Inside Job (2010)

TOMATOMETER

AUDIENCE SCORE

Critic Consensus: Disheartening but essential viewing, Charles Ferguson's documentary explores the 2008 Global Financial Crisis with exemplary rigor.


Movie Info

From Academy Award (R) nominated filmmaker, Charles Ferguson, comes "Inside Job," the first film to expose the shocking truth behind the economic crisis of 2008. The global financial meltdown, at a cost of over $20 trillion, resulted in millions of people losing their homes and jobs. Through extensive research and interviews with major financial insiders, politicians and journalists, "Inside Job" traces the rise of a rogue industry and unveils the corrosive relationships which have corrupted … More

Rating: PG-13 (for some drug and sex-related material)
Genre: Documentary, Special Interest
Directed By:
Written By: Charles Ferguson, Chad Beck, Adam Bolt
In Theaters:
On DVD: Mar 8, 2011
Box Office: $4.3M
Runtime:
Sony Pictures Classics - Official Site


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Critic Reviews for Inside Job

All Critics (143) | Top Critics (32)

Ferguson is so mad he's punching at whatever's in front of him. It's understandable, but this is more polemic than documentary.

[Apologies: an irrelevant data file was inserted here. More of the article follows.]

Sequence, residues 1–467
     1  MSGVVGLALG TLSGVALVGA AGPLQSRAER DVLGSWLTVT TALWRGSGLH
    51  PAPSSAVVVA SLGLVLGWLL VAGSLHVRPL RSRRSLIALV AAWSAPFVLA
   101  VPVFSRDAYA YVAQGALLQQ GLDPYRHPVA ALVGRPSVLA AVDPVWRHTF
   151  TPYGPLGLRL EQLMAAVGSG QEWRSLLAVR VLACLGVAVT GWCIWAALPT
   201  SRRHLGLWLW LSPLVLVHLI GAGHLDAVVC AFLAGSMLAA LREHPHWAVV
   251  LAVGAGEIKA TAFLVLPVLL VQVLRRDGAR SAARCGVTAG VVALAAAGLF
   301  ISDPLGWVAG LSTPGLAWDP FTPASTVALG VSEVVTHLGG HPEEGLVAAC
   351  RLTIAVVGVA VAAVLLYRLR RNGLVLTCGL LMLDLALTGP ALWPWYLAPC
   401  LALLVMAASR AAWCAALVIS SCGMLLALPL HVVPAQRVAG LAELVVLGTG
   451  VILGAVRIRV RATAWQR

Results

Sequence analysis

Full Review… | June 22, 2013
Deadspin

This eye-opening documentary is critical of both parties in its search for answers about the causes of the 2008 economic collapse.

Full Review… | January 6, 2013
Big Hollywood

Who whacked the economy?

Full Review… | April 15, 2012
Movie Habit

As a documentary, this is a clear-eyed, steadily building prosecution against Wall Street. But, in the end, Ferguson's film is just a moot trial in which the defendants have already escaped scot-free.

Full Review… | January 30, 2012
Cinema Writer

This is a powerful and coherent work that will explain where the money has gone. It just can't help get restitution against those who did it.

Full Review… | December 13, 2011

More entertaining than Wall Street 2 while saying infinitely more about the iniquities of those that claim to work for us.

Full Review… | August 16, 2011
Fan The Fire

Audience Reviews for Inside Job